When bad things happen to you —- you are suffering the consequences of your sins

      Liked by 2 people

  2. A valuable warning to those who cling to the few still-unexplained natural phenomena (such as human consciousness) as evidence for God. A reminder that the claim “science has no naturalistic explanation” has always, in practice, meant “science has no naturalistic explanation yet“. Eventually the explanation was found for all the items on your list, and in the future it will be found for those few things that remain unexplained at present. In any case, “we don’t know the explanation (yet)” doesn’t even remotely equate to “a supernatural being must have done it”.

    These days they are often reduced to claiming, not that there is no natural explanation rendering God unnecessary, but that that explanation must be wrong because they personally don’t understand it. An example would be people who “just can’t believe” that evolution accounts for the extreme complexity of life as we know it — because they only have a vague idea of how evolution works (hint: if you use the word “random” to describe evolution, you don’t understand it). There is an abundance of information out there explaining how natural selection generates complex organic structures, but the believers refuse to study it — they’d rather cling to their ignorance, believing that as long as they can avoid having evolution make intuitive sense to them, it somehow isn’t true, or isn’t an adequate explanation. Not unlike the (apocryphal) ostrich imagining that as long as he can’t see his adversaries, they aren’t really there.

    Also, of course, there’s no reason why reality has to make intuitive sense to humans. Relativity and quantum physics don’t make intuitive sense, but they’ve been verified by evidence.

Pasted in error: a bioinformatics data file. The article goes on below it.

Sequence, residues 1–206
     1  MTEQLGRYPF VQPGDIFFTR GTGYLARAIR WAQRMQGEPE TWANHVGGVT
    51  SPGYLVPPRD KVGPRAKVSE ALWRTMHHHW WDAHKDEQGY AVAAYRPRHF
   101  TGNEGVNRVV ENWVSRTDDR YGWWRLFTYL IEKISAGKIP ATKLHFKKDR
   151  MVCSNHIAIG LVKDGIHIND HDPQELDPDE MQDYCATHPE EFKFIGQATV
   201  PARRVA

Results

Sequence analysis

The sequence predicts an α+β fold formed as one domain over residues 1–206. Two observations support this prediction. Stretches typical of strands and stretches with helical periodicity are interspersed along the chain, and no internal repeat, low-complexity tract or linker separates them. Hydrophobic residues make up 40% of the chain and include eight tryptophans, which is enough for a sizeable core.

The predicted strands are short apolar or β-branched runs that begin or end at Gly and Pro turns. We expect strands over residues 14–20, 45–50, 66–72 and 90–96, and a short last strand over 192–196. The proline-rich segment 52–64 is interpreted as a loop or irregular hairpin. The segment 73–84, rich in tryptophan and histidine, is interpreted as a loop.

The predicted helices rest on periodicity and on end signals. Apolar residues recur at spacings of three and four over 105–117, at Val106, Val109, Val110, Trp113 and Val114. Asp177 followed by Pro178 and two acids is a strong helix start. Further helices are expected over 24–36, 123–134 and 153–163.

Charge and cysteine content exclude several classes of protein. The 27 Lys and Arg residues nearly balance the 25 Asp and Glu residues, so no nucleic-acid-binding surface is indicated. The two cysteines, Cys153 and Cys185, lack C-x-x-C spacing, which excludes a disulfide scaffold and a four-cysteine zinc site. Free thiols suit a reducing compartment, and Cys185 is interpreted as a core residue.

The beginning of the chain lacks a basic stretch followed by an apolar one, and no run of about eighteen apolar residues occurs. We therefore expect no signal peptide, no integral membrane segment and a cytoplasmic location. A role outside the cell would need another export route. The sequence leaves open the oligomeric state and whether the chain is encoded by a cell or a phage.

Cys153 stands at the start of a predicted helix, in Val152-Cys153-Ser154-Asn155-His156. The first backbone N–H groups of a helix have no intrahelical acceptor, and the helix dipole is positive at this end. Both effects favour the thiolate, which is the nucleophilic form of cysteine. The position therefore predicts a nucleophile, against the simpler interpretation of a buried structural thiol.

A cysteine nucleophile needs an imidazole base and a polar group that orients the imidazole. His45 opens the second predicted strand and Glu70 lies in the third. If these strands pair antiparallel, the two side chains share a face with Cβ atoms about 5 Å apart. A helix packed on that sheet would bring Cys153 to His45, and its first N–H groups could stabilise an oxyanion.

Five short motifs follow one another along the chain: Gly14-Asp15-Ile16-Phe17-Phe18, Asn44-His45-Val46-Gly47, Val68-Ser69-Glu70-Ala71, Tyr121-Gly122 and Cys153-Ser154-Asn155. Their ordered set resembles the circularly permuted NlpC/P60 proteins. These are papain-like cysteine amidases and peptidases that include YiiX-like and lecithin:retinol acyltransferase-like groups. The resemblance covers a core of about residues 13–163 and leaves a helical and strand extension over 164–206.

Liked by 4 people

    1. Yep anyone who says something on the lines of “how can something randomly come from nothing?” knows nothing about how either the Big Bang or Evolution works. To be fair, I don’t have a good understanding of the Big Bang either, but I trust the scientists that do.

      Liked by 4 people

      1. Oh dear!! To the thumpers, that means that you “Have Faith,’ and somehow, that brings you down to their level. 😯

        Liked by 1 person

      2. “It takes more faith to believe in a Big Bang than to believe in a God”, my churchie friends would say.

        Liked by 2 people

    2. “It takes more faith to believe in a Big Bang than to believe in a God”, my churchie friends would say.

      Well, I could say “it takes more money to buy a candy bar than a house”, but the mere act of saying it doesn’t make the statement true or even worthy of serious consideration.

      Liked by 3 people

      1. Absolutely. Ironically it requires much more faith to believe in a God in my book, at least we have evidence there was a Big Bang. Outside of religion and superstitions, the notion of believing in something without evidence is ridiculous; why should religion be any exception?

        Liked by 1 person

    3. Many believers knowledge of evolution comes from the pulpit and apologist and not from evolutionary biologist

      The Universe is under no obligation to make sense to you. Neil deGrasse Tyson

      Liked by 2 people

  3. “Mike” I am amazed at your ability to see the “natural order” of the world and yet not be able to marvel at the “order” that is so precise and amazing in itself.

    Like